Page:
Jokes are aplenty on the Angels USA - VH1 Drunk cassette put out on Hundebiss a few months back. It is a sci-fi radio play where the only songs are jingles for flavors of chips- There is a chip implanted in your head that allows you to download flavors. The science-fiction vibe of the plot is abetted by the cold electronic ambiences that are basically this band's stock in trade these days, although the jingles throw in some guitar strums for variety. The jokes are great, actually laugh out loud funny rather than the "I appreciate your light-hearted nature" reaction I have to Happy Jawbone Family Band. One unintended bit of weirdness is that (at least on my tape) the first side is mastered much quieter than the second and needs to be turned way up. The other issue of course is the attention span of a listener- I have become distracted and missed some laste-in-the-tape plot twists. Oh yeah: even though each release lists band membership under different shifting aliases, Angels USA is the same band as Angels In America, aka Miami Angels In America, whose Allergic To Latex cassette I have previously held up as their best work. It still is, but this is an nice insight into their world, deepening an appreciation of the personalities at work for those who haven't hung out with them extensively. I have hung out with them only a little, and so these inside jokes were unknown to me. Nice packaging too.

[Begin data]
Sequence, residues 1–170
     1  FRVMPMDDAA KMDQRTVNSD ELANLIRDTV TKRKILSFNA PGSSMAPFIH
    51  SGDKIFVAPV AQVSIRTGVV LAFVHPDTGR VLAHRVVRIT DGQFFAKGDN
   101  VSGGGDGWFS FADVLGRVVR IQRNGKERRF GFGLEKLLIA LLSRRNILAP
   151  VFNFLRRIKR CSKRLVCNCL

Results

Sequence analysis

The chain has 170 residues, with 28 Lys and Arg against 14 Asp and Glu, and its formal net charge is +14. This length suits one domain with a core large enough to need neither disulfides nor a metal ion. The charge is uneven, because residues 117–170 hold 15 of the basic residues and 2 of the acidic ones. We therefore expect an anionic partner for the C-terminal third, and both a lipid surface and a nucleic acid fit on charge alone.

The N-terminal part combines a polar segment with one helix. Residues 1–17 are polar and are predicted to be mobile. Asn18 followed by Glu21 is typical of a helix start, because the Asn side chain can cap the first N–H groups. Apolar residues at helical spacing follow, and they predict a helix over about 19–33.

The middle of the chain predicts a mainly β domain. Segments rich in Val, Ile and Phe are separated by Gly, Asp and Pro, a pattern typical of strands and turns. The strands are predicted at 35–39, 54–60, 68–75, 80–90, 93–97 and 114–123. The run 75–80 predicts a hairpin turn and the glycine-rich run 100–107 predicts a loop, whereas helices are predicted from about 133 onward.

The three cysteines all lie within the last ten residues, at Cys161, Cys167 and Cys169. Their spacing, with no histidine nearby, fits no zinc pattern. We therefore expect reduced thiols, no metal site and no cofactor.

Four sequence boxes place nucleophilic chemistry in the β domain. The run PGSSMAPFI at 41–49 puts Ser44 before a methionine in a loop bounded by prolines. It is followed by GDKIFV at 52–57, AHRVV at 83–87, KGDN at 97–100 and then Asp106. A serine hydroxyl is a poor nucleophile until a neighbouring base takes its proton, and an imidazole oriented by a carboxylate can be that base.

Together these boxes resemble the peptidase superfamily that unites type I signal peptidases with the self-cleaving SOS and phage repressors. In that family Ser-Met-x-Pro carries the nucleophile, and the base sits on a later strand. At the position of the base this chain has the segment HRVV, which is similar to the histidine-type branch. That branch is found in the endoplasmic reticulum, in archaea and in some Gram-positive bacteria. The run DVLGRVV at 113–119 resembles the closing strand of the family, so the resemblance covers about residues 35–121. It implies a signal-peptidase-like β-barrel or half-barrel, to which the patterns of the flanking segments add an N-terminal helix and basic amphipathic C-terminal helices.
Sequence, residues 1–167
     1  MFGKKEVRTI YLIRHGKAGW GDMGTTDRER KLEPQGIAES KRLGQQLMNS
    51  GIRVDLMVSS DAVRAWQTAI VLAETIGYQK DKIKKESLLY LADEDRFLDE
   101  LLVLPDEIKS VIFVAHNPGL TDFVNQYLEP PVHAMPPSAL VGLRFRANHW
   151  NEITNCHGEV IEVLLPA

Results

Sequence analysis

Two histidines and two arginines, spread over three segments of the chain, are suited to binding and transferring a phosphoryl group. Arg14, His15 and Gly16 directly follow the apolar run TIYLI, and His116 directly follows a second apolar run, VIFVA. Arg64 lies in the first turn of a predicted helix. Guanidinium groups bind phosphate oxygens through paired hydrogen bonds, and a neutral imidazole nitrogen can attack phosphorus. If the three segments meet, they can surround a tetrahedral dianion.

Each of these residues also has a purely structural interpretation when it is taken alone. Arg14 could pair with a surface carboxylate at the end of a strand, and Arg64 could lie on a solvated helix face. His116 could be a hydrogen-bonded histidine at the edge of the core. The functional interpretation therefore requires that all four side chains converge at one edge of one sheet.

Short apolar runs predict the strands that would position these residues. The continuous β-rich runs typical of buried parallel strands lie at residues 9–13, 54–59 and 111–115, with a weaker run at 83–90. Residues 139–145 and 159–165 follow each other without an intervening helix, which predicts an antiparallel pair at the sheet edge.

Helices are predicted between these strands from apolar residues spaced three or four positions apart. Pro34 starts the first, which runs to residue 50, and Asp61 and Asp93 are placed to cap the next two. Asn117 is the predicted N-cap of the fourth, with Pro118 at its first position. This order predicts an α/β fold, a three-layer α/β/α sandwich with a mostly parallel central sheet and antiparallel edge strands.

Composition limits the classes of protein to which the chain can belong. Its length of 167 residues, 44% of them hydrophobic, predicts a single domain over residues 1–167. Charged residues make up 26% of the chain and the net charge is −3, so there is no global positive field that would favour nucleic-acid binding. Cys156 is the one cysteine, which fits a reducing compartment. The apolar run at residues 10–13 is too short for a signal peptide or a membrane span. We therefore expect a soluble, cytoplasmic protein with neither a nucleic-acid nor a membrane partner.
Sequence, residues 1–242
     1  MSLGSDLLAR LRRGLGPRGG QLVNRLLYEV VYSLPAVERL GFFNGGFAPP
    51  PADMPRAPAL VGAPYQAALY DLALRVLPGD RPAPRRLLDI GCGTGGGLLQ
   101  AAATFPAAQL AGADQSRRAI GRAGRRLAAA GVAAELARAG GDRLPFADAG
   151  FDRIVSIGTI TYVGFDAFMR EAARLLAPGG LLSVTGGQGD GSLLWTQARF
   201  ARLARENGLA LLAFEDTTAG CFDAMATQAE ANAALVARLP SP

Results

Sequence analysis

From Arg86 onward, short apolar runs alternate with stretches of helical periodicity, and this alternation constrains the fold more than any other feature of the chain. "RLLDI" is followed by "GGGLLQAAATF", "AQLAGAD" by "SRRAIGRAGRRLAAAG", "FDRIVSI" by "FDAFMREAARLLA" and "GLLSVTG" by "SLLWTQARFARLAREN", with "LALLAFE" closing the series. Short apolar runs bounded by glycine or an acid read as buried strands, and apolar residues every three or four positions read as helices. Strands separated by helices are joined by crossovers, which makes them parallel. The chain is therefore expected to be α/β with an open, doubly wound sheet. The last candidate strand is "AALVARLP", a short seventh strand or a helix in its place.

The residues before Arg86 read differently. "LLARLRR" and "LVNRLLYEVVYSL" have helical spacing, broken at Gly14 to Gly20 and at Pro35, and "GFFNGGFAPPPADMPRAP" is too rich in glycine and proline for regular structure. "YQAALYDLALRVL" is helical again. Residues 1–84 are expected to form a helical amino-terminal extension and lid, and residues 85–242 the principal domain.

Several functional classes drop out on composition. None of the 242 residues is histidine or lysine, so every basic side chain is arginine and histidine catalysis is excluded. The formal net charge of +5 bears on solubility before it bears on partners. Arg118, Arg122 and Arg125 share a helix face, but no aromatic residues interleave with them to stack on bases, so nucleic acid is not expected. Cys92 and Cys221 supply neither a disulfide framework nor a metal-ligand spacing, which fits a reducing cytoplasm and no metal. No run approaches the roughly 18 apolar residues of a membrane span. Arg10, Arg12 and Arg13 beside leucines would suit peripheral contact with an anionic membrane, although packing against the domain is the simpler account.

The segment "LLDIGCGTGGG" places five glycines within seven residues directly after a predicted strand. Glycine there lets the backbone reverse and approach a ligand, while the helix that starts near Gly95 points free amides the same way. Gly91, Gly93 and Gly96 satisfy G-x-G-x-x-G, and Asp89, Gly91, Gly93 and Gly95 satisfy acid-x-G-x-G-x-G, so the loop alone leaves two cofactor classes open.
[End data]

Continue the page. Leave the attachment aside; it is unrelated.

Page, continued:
Esra of Angels USA also recently made a movie with Carlos Gonzalez of Russian Tsarlag, and while there is probably no way you can see that unless you are friends or friends of friends with the involved parties, Carlos has also released three records so far this year, the best of which was probably Midnight At Mary's House, which is also the one with the most copies pressed of it. It's now unavailable from the label, Not Not Fun, but maybe copies can still be found at retail outlets that reliably order Not Not Fun releases even though they are not all commercially viable- one of these would be Baltimore, Maryland's very own The Sound Garden. Ah, but what does it sound like? It is some late night music, not emoting its despair, but speaking of its aloneness- there is an on-record request to be sent old horror movies, and if you haven't watched The Abominable Doctor Phibes in the hours between midnight and dawn then you should: It's a great movie and to do so would put you closer to understanding one of contemporary America's most interesting artists. "Colors are fading fast," the man croons, and surely this is true, away from the day-glo of the internet.
Other listening I recommend: The Mike McGonigal curated compilations of gospel music issued by Tompkins Square, James Blackshaw's Love Is The Plan, The Plan Is Death, Charles Mingus, the two Mount Eerie LPs from this year along with 2008's Lost Wisdom. Yes, it is after midnight now, and these things, these things, this is where I'm at these days- The Mount Eerie stuff and the Russian Tsarlag stuff is maybe of a similar emotional tone, coming from geographic opposites of the USA, the northwest and the southeast, the crispness of the mountain air versus the sludge of the swamp, the moleskine versus the VHS tape.